THE killing of 44 elite police commandos by separatists from the Moro Islamic Liberation Front (MILF) on January 25 in Mamasapano town in Maguindanao province will likely snag the approval of the draft Bangsamoro Basic Law (BBL) in Congress as inquiries into the “massacre” will further push back the deadline earlier set for its passage.
In fact, Sen. Ferdinand “Bongbong” Marcos Jr. on Thursday disclosed that some of his colleagues have already withdrawn support to the BBL over the carnage.
He said the incident only showed the “infirmities” and “imperfections” of the draft measure that will be the basis for the establishment of the Bangsamoro political entity to replace the Autonomous Region in Muslim Mindanao (ARMM).
“The truth about that incident is central and fundamental to the BBL . . . we may have to amend or enter new provisions in the proposal. These can only be done after the truth to what happened has been known,” Marcos told the Meet the Press Forum at the National Press Club in Intramuros, Manila.
The lawmaker, who heads the Senate Committee on Local Government where the BBL is being deliberated, said the “window” to pass the measure has been “narrowing,” adding that the executive branch was at least five months late in forwarding the draft to the Senate.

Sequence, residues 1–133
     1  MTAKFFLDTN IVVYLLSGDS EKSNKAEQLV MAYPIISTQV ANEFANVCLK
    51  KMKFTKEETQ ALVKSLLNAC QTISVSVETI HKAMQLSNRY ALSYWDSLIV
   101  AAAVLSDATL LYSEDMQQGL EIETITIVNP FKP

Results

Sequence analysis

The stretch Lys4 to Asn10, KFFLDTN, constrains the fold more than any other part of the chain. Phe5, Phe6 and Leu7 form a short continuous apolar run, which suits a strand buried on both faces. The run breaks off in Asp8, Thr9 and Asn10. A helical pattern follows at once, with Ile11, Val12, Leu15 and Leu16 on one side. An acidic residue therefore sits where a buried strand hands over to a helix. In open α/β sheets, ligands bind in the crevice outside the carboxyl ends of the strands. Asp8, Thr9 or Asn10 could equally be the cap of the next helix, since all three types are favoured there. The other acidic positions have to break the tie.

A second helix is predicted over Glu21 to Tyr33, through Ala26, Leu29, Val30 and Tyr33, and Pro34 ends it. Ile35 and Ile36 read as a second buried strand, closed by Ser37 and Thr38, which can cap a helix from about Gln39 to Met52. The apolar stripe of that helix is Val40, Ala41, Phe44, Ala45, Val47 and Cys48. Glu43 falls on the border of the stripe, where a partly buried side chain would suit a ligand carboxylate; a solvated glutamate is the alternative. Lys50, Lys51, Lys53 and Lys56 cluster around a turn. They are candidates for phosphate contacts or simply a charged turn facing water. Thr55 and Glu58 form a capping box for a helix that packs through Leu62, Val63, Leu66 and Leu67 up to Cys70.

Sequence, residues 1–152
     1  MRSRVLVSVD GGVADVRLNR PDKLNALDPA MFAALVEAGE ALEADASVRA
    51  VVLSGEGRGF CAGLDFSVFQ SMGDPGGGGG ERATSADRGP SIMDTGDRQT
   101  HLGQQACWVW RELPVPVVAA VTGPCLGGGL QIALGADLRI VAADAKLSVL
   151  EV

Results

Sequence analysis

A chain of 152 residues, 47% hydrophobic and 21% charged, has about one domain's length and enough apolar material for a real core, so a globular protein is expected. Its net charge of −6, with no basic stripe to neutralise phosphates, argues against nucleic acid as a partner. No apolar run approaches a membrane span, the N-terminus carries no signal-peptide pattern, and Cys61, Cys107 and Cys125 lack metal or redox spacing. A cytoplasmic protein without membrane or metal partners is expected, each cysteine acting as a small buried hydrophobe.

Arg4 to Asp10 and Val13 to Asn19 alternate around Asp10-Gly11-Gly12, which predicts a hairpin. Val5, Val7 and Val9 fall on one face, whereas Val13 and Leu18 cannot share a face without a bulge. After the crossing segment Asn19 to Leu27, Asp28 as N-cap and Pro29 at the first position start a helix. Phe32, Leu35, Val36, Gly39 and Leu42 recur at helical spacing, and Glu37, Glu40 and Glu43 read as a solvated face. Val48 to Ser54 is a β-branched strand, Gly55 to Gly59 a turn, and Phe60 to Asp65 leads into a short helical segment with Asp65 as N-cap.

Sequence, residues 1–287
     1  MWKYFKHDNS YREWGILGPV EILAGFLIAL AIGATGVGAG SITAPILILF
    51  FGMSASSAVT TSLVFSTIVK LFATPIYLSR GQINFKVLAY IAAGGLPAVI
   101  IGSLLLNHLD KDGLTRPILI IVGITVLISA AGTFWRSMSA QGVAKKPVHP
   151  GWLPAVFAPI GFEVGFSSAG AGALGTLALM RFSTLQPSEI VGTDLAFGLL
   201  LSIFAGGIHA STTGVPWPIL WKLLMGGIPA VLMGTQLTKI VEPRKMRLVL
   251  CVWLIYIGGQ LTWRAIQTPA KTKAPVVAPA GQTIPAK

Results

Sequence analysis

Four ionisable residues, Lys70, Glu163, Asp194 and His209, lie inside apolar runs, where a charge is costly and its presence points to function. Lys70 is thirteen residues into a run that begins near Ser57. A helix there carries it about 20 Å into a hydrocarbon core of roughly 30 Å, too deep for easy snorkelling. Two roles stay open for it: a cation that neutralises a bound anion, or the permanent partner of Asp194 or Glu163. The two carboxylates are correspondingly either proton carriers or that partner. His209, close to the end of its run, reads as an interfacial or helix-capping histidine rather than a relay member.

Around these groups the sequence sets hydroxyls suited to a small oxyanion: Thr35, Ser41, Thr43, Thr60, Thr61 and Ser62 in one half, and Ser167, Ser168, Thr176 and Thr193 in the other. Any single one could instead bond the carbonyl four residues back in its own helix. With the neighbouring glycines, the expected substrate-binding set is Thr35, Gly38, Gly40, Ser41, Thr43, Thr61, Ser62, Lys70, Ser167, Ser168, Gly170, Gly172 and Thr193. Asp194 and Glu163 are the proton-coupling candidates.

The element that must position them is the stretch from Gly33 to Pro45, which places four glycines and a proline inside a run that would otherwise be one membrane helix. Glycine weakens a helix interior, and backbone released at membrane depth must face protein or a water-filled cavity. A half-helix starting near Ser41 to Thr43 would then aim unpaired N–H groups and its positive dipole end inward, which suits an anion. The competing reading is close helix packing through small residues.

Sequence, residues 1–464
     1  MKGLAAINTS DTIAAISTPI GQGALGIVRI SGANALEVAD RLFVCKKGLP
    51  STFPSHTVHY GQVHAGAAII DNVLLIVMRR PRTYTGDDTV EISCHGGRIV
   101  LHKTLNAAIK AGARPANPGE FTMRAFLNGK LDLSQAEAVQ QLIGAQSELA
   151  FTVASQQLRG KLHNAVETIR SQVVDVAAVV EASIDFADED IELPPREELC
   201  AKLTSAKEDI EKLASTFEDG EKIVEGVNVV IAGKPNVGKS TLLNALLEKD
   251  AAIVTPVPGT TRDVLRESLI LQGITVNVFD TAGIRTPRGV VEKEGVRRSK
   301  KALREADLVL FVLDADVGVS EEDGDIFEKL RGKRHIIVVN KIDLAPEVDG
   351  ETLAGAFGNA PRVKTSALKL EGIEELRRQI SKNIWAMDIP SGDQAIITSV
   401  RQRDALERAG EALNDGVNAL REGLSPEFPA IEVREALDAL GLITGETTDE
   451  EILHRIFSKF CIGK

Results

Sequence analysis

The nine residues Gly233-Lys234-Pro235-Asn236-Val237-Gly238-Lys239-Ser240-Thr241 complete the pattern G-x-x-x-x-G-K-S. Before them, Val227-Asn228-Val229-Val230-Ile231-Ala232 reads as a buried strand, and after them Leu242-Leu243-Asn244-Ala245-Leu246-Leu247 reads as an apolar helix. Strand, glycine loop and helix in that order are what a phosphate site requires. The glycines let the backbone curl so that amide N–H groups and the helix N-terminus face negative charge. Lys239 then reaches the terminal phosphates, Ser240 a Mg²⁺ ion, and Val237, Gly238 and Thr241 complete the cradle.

Worse, Marcos claimed that upon consultation with the Commission on Elections, he was informed that it would take the poll body eight months after the signing into law of the BBL to prepare for the plebiscite.
“But this is until all legal questions have been answered. I know that once the BBL is passed into law, it will be immediately questioned before the Supreme Court. We have to factor that in. The time that will be consumed,” he also told the forum.
Besides, the senator said, even the Bangsamoro Transition Commission, the body designated to formulate the BBL, has argued that to come up with a “complete” formula, they would need three years to firm up the plan.
Marcos, who wore a black armband in support of the victims’ families, noted that Sunday’s incident “ is the worst thing that could happen to the BBL.”
Meanwhile, Marcos claimed that “morale is low” in the both the Armed Forces of the Philippines and the Philippine National Police.
He asked those who have anything to share about the incident to come out.